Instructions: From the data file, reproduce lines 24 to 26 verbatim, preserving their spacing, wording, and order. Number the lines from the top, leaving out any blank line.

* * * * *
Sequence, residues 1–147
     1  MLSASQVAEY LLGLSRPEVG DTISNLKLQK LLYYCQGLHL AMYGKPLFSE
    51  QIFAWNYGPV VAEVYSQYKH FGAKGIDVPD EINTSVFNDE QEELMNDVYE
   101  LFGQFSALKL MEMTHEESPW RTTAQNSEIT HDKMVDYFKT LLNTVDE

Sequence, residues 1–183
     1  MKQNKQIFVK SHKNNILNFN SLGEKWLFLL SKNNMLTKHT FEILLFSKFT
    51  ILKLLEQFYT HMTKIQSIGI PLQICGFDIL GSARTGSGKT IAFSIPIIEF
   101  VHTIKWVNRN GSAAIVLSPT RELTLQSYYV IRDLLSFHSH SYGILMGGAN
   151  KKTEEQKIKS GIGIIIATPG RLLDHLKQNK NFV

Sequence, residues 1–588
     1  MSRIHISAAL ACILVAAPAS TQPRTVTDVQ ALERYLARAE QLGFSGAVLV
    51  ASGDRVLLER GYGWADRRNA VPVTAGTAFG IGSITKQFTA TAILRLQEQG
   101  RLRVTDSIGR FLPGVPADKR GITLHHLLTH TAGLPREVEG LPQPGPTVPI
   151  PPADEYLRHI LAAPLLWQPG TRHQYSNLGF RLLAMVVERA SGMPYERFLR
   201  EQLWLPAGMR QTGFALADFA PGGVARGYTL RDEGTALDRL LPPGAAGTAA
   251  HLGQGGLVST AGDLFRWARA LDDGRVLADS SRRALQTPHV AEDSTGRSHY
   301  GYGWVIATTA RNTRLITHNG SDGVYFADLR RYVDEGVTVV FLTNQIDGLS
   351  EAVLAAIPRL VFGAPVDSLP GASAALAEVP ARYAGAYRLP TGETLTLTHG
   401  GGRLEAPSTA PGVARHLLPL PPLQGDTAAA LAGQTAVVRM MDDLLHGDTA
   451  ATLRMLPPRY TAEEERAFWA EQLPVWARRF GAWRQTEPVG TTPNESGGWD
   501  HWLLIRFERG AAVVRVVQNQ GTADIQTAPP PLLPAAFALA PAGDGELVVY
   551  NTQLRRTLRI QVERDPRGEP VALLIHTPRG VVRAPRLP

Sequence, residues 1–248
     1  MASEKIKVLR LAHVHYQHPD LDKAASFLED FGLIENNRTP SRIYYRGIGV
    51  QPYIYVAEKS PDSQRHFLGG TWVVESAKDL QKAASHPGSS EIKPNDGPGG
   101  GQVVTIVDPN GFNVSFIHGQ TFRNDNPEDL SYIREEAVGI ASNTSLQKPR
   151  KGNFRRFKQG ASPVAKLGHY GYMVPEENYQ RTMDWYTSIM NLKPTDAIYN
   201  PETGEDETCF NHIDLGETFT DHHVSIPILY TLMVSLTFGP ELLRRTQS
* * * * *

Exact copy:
     1  MASEKIKVLR LAHVHYQHPD LDKAASFLED FGLIENNRTP SRIYYRGIGV
    51  QPYIYVAEKS PDSQRHFLGG TWVVESAKDL QKAASHPGSS EIKPNDGPGG
   101  GQVVTIVDPN GFNVSFIHGQ TFRNDNPEDL SYIREEAVGI ASNTSLQKPR